Cardinals: I think it is impossible to dislike certain people / things. No sane human being could have disliked Fred Rodgers. And who doesn’t think that kittens are cute? Similarly, no sane baseball fan can dislike the Cardinals, this team of tough, blue-collar sluggers and fans who are unfailingly intelligent and polite Midwesterners. If it can’t be the A’s and cannot be the Red Sox, then let the Cards win it all.
Other thoughts … I don’t know how many people got to read Bill James piece on Ichiro at Hardball Times, but I thought that it was pretty interesting. It was classic Bill James stuff in the way that he used numbers in ways that many of us probably wouldn’t have to look at something in a new way. After reading the article I have renewed respect for Roger Maris: we all know how difficult it was mentally on Maris to deal with New York’s voracious media sharks thanks to movies like Billy Crystal’s HBO film 61* , but it was interesting to see how difficult it was statistically for someone to break Ruth’s record. (It is a shame, and it has sullied Maris and McGwire’s achievements in some respects, that someone with so little respect … or outright contempt … for the fans and the game like Barry Bonds holds the record these days.)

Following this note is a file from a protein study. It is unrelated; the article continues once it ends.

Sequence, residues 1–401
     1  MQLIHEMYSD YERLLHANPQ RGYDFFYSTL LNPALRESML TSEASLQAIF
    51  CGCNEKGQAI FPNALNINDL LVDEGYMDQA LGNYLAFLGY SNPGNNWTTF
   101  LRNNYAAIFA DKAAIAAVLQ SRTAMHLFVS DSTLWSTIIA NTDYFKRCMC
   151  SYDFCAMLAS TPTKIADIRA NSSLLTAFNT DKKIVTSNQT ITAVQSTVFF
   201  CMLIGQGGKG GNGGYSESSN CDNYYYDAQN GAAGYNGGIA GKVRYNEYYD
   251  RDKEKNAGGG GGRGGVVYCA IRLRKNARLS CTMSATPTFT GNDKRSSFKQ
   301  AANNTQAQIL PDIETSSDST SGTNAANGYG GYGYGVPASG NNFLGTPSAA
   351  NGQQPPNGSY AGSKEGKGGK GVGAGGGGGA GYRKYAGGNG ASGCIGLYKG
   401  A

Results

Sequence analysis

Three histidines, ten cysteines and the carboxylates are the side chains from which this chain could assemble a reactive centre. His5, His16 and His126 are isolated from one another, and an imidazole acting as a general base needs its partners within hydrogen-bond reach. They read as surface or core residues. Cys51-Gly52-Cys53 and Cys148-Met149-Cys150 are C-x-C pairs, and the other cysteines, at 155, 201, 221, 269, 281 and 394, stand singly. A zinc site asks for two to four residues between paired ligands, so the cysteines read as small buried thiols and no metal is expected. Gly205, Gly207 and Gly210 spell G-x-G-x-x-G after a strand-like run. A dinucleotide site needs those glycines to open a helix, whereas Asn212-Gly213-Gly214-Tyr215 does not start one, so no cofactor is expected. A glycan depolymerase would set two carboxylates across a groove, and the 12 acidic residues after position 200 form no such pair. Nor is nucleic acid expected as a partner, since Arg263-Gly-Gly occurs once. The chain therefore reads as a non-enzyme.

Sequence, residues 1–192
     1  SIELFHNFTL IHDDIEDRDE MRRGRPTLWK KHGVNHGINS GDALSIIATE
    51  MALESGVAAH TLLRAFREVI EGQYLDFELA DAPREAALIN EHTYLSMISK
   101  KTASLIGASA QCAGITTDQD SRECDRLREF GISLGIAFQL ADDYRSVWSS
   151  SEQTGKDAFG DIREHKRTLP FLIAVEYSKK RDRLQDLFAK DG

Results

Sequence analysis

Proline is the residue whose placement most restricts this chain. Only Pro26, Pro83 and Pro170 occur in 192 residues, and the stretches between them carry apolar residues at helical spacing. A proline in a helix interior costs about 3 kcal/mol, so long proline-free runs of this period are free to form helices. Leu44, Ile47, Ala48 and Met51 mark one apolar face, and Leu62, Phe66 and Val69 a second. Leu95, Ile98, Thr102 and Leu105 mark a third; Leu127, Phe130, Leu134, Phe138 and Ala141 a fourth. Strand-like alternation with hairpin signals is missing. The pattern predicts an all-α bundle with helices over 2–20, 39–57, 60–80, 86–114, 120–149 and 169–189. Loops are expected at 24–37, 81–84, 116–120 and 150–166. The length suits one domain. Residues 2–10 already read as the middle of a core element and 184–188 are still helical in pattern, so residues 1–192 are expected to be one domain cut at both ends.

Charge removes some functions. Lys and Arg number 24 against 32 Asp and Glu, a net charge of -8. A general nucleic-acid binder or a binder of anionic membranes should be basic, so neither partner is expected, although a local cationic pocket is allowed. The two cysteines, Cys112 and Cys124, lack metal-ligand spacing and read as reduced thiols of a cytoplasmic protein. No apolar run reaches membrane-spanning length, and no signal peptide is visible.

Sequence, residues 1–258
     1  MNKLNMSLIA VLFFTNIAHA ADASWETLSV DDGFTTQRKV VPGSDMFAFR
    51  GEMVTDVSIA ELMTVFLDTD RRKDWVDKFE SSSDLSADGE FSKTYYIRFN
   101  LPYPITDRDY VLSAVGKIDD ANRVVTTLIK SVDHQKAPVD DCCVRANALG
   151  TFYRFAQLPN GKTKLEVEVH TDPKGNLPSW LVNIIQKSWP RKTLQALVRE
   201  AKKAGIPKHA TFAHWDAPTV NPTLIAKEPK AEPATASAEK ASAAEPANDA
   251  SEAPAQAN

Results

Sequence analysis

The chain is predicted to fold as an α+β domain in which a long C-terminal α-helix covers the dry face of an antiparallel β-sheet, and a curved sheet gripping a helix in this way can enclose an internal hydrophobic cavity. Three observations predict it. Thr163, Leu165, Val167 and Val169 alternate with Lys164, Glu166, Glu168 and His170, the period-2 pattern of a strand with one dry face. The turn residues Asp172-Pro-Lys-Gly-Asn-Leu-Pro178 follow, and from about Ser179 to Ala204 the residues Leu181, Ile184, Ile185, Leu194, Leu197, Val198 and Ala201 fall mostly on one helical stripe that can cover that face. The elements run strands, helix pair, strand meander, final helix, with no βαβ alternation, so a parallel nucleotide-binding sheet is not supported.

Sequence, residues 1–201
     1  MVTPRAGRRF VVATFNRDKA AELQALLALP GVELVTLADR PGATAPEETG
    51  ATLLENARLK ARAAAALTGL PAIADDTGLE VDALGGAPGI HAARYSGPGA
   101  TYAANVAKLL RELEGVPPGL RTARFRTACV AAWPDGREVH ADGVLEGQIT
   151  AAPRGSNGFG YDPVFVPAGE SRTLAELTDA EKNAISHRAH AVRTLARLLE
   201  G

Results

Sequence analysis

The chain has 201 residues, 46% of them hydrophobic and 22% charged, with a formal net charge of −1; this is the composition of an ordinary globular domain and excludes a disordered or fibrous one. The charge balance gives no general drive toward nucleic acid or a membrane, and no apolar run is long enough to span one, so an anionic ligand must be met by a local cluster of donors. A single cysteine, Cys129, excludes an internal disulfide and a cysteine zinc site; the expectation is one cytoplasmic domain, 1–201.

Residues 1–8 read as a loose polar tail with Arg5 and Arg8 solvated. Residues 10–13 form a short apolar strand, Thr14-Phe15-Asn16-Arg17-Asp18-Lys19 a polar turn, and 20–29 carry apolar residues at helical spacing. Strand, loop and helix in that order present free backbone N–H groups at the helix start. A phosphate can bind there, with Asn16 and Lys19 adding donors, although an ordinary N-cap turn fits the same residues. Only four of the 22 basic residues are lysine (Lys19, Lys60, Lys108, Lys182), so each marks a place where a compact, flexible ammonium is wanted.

James’ closing thoughts on the probability of someone hitting .400 again got me thinking: will anyone hit .400 again? Along with DiMaggio’s 56-game hitting streak, Ted Williams .406 in ‘41 stands as one of the most durable records in sports. I suppose Ichiro is the best modern threat to hit .400, but I have to be skeptical we’ll see another assault on .400 like Tony Gwynn’s .394 in ’94: the attention paid to slugging percentage and OBP these days detracts from BA. Guys who hit lots of home runs swing at too many bad pitches to hit for a high average and guys who walk a lot are apt to be too choosey to put enough balls in play.
I’m stunned by the Astros rise to the top of the wildcard standings. I thought these guys were finished. I’d give them the edge too: the Cubs have to play the Braves and the Giants finish up in LA, while the Astros get the Rockies.
The Expos move to Washington D.C. … probably something that should have been done 3-4 years ago, humiliating as it was to see games that drew fewer fans than minor league games … Personally I like the move because it will put another baseball team in the general vicinity of Philly and Pittsburgh (hmm, day trip to D.C. next spring?). What name for the team? Ideally, the Senators, although I understand that the Rangers technically own the name … I’ve heard one name they are considering is the Grays, after the Homestead Grays of the Negro Leagues. I’d be in favor of that, nice to see baseball acknowledge the Negro Leagues. Maybe change the Kansas City Royals to the Monarchs too?